Daniel T. Prude died in Rochester, N.Y., after police officers forced him into a hood and then pushed his face to the ground while he was in the throes of a psychotic episode. His brother had called 911, later saying, “I placed a phone call for my brother to get help. Not for my brother to get lynched” . . . . What if instead of facing armed police officers while in the agony of a mental breakdown, Prude had been assisted by a crisis worker and a medic who were trained to de-escalate the situation and could connect him to mental health crisis services?

It’s not just that law enforcement is ill-equipped to help people in crisis and that other organizations could do better. In some cases, police cause unnecessary harm. In many cases, communities and law enforcement would support police functions being reassigned to trained civilians.

Incident response is an obvious candidate. Noting that a disturbing number of killings by police originate in a 911 call, jurisdictions around the country are questioning whether an armed police officer is really the best response to most calls for help. Philadelphia, Dallas, Denver and Atlanta are among the growing number of cities experimenting with new, unarmed response teams to better respond to crisis calls, particularly where mental health is involved.

Not all such programs are new. For three decades, Crisis Assistance Helping Out on the Streets (CAHOOTS) in Eugene, Ore., has sent a medic and a crisis worker in response to 911 calls that involve a nonviolent emergency. According to the White Bird Clinic, which runs the program, CAHOOTS costs about $2.1 million a year. Based on the Eugene Police Department’s estimated cost of $800 per police response, the clinic estimates that CAHOOTS saves the city about $8.5 million in public safety spending per year.

But beyond saving money, reimagining incident response could give people in crisis the help they need

There will always be emergency calls that warrant a responder who can use force, but they are surprisingly rare. In 2020, calls about violent crime — homicide, rape, robbery and aggravated assault — made up only about 1 percent of police calls for service in many city police departments, including Baltimore, Cincinnati, New Orleans and Seattle.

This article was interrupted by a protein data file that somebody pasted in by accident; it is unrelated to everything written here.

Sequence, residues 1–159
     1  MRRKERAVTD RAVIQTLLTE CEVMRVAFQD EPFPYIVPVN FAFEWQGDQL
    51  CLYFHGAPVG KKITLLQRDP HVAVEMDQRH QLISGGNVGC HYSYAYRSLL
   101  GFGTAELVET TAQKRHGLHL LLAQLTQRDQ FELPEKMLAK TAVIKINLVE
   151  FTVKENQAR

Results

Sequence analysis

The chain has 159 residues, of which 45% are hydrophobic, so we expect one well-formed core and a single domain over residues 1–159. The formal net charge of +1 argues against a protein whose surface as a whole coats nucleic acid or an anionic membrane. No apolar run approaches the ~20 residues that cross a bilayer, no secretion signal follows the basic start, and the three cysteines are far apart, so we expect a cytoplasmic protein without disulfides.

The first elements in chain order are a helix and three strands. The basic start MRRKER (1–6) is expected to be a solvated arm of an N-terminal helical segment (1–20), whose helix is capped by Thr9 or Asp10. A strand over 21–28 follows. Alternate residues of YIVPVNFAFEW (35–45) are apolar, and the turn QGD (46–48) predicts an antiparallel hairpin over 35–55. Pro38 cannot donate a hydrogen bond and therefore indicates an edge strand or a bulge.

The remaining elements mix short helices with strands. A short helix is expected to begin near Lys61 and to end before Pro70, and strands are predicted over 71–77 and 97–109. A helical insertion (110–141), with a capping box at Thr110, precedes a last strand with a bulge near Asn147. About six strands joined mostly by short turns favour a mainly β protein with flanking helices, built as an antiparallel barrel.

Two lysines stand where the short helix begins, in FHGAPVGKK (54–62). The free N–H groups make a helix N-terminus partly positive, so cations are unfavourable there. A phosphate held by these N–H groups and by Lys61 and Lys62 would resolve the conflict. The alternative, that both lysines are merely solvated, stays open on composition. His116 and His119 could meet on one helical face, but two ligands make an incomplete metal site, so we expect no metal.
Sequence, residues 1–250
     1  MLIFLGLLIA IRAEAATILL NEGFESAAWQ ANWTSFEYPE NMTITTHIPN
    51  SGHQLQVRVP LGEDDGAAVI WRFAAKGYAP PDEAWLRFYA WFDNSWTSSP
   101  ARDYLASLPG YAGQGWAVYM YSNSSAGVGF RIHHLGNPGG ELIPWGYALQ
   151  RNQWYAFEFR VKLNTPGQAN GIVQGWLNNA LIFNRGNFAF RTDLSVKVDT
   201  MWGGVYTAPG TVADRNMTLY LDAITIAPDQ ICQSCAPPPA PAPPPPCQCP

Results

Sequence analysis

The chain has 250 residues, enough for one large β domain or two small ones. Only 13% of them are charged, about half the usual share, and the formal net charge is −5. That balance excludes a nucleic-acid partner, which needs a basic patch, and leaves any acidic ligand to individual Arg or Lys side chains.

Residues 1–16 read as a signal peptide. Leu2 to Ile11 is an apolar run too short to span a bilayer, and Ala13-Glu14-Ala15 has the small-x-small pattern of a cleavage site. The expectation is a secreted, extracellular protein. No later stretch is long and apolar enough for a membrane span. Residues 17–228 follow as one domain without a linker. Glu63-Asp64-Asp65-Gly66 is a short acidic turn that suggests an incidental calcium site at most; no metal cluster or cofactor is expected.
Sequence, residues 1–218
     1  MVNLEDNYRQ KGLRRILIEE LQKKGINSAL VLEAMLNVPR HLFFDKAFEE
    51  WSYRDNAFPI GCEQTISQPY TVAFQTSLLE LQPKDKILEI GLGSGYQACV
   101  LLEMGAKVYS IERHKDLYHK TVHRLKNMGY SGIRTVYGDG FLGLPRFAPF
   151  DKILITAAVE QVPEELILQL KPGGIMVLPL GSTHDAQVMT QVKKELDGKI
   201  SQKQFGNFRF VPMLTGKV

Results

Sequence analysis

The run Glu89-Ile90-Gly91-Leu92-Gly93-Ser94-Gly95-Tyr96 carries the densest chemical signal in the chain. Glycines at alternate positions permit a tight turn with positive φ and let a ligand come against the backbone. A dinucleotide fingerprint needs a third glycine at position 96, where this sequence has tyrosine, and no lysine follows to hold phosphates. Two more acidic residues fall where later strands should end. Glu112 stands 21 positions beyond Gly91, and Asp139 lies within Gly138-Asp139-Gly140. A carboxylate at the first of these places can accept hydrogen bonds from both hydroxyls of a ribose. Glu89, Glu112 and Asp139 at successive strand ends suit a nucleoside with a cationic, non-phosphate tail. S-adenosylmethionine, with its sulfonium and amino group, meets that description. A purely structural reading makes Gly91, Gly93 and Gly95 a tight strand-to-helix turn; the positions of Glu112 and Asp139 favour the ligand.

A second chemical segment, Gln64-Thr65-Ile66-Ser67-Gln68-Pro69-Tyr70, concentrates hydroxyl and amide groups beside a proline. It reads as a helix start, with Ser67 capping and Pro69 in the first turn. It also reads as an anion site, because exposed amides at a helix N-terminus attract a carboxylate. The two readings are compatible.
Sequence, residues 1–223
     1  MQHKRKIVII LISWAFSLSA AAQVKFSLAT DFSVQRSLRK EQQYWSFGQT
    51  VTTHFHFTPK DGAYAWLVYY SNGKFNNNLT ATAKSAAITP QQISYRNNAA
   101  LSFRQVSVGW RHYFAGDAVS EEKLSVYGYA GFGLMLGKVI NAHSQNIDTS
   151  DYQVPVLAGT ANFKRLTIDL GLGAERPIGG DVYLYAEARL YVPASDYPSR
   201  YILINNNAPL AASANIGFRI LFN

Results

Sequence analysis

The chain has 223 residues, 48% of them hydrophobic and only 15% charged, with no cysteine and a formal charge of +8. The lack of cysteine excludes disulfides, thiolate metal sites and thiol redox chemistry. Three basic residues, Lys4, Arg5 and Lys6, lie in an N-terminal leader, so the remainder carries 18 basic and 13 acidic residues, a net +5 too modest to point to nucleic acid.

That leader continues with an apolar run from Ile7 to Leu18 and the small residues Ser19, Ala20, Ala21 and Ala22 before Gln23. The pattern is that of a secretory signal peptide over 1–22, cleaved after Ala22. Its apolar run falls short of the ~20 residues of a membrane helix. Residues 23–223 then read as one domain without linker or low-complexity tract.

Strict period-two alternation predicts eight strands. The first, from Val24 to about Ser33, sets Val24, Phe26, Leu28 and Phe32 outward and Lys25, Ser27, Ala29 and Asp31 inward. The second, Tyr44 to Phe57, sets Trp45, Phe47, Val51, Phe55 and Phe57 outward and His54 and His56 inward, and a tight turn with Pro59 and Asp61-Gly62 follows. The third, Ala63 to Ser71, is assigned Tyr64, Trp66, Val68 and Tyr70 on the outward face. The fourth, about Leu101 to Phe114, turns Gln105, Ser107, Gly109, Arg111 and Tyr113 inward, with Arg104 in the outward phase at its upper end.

There will also always be murkier situations in which the presence of someone authorized to use force could prevent harm by de-escalating conflict but might also lethally escalate the situation.

Even then, jurisdictions could experiment with a blended response in which civilians and law enforcement work together. Civilian responders including medics, crisis workers and others with rigorous de-escalation training could try to resolve crises while law enforcement waits nearby, out of sight. If civilian responders aren’t able to resolve the situation, they could call for backup. That capability could save lives, but again might be needed in surprisingly few cases: In 2019, out of 24,000 calls the CAHOOTS team received, police backup was requested only 150 times.

Overhauling incident response is not a panacea. The police can’t solve complex social problems, but neither can civilian responders. Connecting homeless people with medical or social services is obviously more humane and helpful than arresting them for trespassing, but neither will address the toxic web of abuse, affordable-housing shortages and addiction that contributes to homelessness in the first place. Incident response reform must be just the first step.

Still, cities around the country are realizing that this first step is crucial — that they can offer people help they really need while minimizing the chance that a lethal escalation will make a person’s most vulnerable moments their last.